Louis Floersheim (1834-1917) was born in Germany. After he came to England with his business partner Louis Schott he married in 1870 Julia Baddeley (1848-1931) daughter of Lieutenant Colonel John Fraser Baddeley. The couple lived in London for many years. When they lived at Pennyhill Park after 1901 they retained their London accommodation. He extended the house in 1903 in neo-Tudor style using Bath stone. Louis died in 1917 and Julia continued to live at the house until about 1922.
From 1922 Sir Lindsley Byron Peters (1867-1939) resided at Pennyhill Park. He was born in 1867 in Kent. His father was Gordon Donaldson Peters who founded the firm G. D Peters which was an engineering firm. He was employed in the family company and eventually became a partner and director. He was also a manager of a company called Consolidated Brake and Engineering Co. In 1898 he married Jessie Emmeline Halsted (1871-1952) who was the daughter of Henry Halsted of Chichester who owned an iron foundry. The couple had three children. Lord and Lady Peters lived at Pennyhill Park until about 1933. It was then sold and purchased by Colin Goldsworthy Heywood.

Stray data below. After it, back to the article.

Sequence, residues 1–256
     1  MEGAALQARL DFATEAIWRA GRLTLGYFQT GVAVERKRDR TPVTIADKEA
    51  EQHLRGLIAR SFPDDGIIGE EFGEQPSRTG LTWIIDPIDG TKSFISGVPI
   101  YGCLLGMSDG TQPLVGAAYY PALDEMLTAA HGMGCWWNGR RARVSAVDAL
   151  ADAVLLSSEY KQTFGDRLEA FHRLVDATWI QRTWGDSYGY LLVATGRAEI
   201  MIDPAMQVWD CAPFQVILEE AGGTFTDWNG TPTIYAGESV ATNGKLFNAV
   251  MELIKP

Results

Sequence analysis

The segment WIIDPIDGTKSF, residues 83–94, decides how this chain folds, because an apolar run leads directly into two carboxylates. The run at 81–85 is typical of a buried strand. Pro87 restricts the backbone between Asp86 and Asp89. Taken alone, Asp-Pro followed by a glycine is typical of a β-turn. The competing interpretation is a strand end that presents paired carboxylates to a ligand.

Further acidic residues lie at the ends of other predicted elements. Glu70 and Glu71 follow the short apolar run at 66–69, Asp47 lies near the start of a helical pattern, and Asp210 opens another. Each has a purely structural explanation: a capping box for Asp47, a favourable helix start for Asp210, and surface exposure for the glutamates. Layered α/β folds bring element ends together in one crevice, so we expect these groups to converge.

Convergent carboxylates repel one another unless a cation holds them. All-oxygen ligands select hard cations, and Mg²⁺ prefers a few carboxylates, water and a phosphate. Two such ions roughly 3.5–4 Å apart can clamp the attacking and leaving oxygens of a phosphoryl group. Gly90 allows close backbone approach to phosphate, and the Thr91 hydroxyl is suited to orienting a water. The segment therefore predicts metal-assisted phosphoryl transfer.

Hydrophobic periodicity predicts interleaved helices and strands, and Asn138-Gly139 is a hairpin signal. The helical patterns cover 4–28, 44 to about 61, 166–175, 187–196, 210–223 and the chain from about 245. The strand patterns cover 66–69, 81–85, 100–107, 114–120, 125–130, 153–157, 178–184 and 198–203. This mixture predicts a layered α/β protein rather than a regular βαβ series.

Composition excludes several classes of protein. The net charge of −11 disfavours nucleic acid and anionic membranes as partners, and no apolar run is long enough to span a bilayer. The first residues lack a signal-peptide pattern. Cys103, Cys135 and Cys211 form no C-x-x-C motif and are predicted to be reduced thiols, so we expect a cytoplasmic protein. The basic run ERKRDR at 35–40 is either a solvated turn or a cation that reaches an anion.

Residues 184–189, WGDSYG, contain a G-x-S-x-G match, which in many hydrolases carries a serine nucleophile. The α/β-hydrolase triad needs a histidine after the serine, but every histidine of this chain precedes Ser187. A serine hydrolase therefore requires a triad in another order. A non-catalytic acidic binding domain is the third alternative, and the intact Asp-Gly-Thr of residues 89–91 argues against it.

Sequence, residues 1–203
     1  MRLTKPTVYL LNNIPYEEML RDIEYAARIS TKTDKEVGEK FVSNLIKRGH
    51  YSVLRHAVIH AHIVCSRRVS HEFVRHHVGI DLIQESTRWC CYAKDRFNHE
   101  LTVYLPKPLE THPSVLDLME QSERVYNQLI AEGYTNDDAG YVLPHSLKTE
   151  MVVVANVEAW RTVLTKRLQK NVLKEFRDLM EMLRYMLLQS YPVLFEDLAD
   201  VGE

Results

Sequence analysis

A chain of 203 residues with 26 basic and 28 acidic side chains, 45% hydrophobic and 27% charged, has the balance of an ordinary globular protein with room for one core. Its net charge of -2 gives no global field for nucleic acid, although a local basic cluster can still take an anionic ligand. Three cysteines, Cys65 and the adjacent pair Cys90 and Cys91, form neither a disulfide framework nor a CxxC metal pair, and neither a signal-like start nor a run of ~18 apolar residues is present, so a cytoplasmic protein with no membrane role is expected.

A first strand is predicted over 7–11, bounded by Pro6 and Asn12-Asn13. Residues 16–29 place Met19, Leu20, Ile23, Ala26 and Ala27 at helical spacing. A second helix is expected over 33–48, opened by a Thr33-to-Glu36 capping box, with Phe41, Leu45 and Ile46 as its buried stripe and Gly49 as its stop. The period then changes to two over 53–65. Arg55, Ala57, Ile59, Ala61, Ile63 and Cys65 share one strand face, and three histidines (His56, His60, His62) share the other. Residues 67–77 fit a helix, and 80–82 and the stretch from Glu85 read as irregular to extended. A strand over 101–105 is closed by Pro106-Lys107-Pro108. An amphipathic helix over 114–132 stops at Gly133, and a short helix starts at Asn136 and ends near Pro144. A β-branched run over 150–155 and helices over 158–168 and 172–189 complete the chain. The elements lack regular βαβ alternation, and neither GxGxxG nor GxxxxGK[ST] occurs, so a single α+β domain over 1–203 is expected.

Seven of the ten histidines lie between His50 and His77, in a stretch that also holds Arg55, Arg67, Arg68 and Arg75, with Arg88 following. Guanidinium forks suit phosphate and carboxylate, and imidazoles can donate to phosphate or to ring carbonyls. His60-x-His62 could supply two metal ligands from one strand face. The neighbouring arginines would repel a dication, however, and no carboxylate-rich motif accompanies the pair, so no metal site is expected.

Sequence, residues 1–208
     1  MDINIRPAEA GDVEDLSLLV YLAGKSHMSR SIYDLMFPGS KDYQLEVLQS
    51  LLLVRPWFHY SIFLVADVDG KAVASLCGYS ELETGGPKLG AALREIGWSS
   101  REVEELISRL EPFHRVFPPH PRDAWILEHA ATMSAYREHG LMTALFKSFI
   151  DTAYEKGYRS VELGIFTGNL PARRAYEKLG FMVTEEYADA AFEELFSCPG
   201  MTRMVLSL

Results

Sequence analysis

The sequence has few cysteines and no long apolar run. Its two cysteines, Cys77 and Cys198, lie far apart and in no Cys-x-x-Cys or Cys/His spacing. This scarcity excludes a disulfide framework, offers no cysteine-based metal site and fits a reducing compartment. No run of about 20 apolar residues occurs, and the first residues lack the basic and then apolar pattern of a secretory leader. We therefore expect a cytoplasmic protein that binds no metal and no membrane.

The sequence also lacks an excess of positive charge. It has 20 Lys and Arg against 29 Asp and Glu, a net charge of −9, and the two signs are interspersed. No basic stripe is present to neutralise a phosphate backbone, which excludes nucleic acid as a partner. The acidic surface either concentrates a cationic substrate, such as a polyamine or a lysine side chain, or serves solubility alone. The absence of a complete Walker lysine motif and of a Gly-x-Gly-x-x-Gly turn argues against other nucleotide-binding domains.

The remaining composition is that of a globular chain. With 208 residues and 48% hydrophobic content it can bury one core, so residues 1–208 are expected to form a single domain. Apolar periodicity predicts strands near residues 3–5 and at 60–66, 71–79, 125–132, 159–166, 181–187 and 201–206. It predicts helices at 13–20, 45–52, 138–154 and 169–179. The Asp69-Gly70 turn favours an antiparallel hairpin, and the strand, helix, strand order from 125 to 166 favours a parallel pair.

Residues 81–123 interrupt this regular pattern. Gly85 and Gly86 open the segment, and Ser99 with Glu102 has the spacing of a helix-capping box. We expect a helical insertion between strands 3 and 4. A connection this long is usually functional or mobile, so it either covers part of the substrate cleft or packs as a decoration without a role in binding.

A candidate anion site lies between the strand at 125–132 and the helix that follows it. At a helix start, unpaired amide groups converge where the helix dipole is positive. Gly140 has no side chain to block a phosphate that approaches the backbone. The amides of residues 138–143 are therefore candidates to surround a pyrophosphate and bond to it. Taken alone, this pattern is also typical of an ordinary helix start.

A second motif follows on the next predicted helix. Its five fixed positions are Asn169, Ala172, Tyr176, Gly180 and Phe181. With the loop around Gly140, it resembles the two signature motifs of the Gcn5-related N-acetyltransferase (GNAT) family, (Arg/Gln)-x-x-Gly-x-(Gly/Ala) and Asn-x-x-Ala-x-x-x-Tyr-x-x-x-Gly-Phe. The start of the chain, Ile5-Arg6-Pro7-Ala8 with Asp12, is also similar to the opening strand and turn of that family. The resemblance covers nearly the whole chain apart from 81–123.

Colin Goldsworthy Heywood (1888-1971) was born in 1888 in Sale Cheshire. He was the son of Frank Heywood who was a wealthy merchant in Manchester. Colin joined the firm of Thomas Goldsworthy and Sons which was an emery cloth and paper manufacturing company in his mother’s family. An advertisement for the company is shown. He became a Director and eventually the Chairman and amassed a large fortune. He did not marry and remained a bachelor all of his life. He lived for about forty years at Pennyhill Park and during that time terraced the formal gardens, the inspiration of which was derived from Chateau de Villandry in Tours.